Basically I am going through a Folder structure and on each folder I iterate a list of items, check for sub folders and if the count is greater than zero, create those sub folders and iterate through each folder's list of items and on and on. Obviously the larger the Folder structure the longer it takes. Anything that could potentially shave off some time I think would be worth it.
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#7 JackOfAllTrades  Icon User is offline

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Re: Fastest way to loop a set of data and create objects

Posted 20 July 2010 - 05:44 PM

I believe the best thing to do would be to profile your application to find the actual bottleneck, so you don't waste time on things that don't make a big difference.
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#8 Momerath  Icon User is offline

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Re: Fastest way to loop a set of data and create objects

Posted 20 July 2010 - 06:32 PM

View Postcbutler00, on 20 July 2010 - 03:24 PM, said:

Basically I am going through a Folder structure and on each folder I iterate a list of items, check for sub folders and if the count is greater than zero, create those sub folders and iterate through each folder's list of items and on and on. Obviously the larger the Folder structure the longer it takes. Anything that could potentially shave off some time I think would be worth it.
By 'create those folders' do you mean on disk? If so, then I suspect that your program is slow because disk access is slow (compared to processor speed).
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#9 cbutler00  Icon User is offline

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Re: Fastest way to loop a set of data and create objects

Posted 20 July 2010 - 08:16 PM

No not on disk.

What I am actually doing is going through an Outlook MAPIFolder structure and iterating all mail items in each folder. For each mail item I was creating a 'MailMessage' object, an 'Attachment' object and a 'Sender' object in memory which have all the attributes these objects would have in Outlook itself.

My mailbox is about 1.17GB and creating those objects takes a significant amount of time (several minutes). I have since changed my code to only compute the count and size of each folder's mail items and attachments and this takes significantly less time and memory.

My end goal is a fully configurable Outlook Add-in to backup mail items and / or attachments that you can filter by sender, date, mail or attachment attributes. If it were simply a complete backup utility then I would not need any of this information, but its not, so I do.

I have written an add in that will backup all the mail items in a mailbox and it has worked with over 20,000 mail items producing over 6GB of *.msg files. That operation took several hours and did not check and filters, it just iterated through the mailbox saving every mail item. My concern is when someone sets filters to only save mail items from certain people, before or after a certain date for different folders, mail items that have x number attachments etc, etc...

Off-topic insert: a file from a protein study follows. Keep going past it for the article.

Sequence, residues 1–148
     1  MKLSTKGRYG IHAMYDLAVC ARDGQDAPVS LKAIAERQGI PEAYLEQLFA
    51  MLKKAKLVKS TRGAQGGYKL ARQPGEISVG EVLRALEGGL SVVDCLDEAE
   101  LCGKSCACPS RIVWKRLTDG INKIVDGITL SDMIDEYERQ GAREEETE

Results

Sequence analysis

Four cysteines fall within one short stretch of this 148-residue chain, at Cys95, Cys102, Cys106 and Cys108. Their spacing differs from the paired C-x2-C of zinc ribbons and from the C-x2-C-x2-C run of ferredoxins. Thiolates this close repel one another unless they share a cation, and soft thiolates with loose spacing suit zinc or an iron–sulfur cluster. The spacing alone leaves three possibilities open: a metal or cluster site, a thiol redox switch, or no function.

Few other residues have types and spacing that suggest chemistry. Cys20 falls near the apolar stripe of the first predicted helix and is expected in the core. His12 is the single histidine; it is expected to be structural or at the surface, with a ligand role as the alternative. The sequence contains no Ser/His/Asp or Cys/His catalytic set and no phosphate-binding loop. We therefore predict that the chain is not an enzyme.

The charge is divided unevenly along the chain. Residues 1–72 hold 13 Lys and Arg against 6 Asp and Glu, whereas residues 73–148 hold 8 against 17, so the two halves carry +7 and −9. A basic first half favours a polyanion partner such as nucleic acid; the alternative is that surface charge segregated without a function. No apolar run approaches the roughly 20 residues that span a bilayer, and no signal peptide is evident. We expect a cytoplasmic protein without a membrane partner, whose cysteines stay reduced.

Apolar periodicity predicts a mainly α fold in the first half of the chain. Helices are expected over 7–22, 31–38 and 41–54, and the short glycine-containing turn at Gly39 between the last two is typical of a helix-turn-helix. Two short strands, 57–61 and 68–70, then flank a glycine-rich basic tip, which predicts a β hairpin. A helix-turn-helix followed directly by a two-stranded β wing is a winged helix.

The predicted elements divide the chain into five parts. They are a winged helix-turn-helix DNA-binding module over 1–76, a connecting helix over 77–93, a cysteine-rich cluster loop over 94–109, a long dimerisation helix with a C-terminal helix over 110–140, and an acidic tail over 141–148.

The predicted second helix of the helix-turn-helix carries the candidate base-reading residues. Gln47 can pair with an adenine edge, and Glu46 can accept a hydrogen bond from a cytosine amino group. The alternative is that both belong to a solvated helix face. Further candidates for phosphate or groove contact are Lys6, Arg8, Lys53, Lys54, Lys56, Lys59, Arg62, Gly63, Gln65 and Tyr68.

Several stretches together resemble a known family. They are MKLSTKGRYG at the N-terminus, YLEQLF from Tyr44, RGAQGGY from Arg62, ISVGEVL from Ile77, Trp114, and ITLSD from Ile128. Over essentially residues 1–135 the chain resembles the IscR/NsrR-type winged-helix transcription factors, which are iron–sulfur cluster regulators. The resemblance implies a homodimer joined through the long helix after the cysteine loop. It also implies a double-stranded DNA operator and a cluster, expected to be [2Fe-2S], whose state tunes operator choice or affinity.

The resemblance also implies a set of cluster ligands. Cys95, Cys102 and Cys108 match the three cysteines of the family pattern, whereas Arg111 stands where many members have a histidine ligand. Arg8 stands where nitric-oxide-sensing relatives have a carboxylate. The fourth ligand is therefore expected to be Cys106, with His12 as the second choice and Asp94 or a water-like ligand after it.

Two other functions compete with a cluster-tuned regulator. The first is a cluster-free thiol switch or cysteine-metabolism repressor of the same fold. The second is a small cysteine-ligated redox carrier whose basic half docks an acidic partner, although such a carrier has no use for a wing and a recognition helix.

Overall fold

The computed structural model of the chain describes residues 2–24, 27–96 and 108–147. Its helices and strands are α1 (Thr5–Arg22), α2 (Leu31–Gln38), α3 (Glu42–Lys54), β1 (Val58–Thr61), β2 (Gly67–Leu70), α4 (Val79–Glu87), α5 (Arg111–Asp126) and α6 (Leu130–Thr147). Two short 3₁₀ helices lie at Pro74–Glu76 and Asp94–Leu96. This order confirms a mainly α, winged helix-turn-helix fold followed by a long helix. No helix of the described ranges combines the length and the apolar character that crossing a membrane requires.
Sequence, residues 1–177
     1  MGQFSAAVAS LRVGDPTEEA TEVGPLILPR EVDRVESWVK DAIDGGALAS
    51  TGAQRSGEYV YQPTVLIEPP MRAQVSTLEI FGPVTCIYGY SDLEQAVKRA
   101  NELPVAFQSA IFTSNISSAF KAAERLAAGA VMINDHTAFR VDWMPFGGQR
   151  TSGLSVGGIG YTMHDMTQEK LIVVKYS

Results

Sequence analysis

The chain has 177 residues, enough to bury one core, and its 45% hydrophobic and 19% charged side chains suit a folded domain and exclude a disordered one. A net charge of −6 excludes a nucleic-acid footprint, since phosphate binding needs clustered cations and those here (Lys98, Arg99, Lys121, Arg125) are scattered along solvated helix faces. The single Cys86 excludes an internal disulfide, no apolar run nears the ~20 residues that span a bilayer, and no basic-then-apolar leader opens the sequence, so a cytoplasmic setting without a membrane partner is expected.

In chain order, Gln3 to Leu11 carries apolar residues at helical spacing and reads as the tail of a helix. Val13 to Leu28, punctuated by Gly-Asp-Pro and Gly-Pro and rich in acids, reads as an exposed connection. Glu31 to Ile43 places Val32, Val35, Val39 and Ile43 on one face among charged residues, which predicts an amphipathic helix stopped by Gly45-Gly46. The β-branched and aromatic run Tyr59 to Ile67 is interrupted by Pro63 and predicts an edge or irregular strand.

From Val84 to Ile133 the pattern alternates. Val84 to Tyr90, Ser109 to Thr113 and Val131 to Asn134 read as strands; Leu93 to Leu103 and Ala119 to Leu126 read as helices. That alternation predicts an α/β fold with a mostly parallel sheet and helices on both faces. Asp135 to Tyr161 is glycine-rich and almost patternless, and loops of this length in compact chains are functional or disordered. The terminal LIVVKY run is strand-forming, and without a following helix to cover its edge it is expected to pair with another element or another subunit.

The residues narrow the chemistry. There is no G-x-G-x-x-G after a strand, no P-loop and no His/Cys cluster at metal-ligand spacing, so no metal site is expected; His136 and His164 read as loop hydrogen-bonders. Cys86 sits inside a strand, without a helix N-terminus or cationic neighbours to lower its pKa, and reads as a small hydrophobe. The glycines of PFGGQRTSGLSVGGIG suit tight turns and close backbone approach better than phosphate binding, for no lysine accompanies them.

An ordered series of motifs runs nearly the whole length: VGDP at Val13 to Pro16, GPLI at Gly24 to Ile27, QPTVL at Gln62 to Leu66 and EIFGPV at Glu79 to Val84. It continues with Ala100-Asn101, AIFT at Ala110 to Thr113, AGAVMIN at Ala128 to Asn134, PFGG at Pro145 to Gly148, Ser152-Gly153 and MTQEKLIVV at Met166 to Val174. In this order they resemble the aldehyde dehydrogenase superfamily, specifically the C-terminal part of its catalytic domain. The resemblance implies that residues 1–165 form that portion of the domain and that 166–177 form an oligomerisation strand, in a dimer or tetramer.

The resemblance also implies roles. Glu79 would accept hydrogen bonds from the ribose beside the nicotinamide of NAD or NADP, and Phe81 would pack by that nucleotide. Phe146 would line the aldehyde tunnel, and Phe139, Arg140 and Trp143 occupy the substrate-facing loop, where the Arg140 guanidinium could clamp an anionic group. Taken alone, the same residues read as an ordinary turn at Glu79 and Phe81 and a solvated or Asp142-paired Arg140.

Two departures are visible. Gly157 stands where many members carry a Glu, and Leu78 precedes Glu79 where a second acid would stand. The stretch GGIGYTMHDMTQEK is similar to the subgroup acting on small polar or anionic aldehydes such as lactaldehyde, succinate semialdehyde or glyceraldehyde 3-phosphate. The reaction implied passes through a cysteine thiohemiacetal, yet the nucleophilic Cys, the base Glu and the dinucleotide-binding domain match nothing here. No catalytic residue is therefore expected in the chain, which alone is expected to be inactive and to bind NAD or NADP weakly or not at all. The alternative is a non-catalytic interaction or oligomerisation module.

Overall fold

The bottleneck then is how do I get this information quickly and then once filters are set, how do I check which mail items or attachments to process quickly?

I understand I have gone off topic significantly but if anyone can offer any advice it would be greatly appreciated.
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#10 Momerath  Icon User is offline

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Re: Fastest way to loop a set of data and create objects

Posted 20 July 2010 - 10:08 PM

Disk reads are like disk writes: slow. Your program is going to be IO bound, and optimizing your code for loops isn't going to speed it up much. For filtering if you just provide options to filter on the message headers, that will speed up your searching (as opposed to filtering on message bodies). Otherwise there isn't much you can do.

You might want to consider using a memory caching to hold the Outlook files and implement a method to keep the cache full of new stuff (different thread would help). As long as you are only doing forward reads this shouldn't be that hard.
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#11 cbutler00  Icon User is offline

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Re: Fastest way to loop a set of data and create objects

Posted 21 July 2010 - 04:16 AM

Thanks again Momerath, but I think that might be just a bit over my skill level... that or I'm being too lazy.

I think I came up with a usable solution; I am not creating the 'MailMessage' objects or 'Attachment' objects anymore but keeping the Senders. I am still calculating all the stats per folder I need without a fair amount of overhead. Its much quicker and does the same job effectively.

I decided to do this since I will need to perform all the checks for process options, filters and saving options as I would have before so creating those objects really wasn't buying me anything.

Thanks again for your help everyone!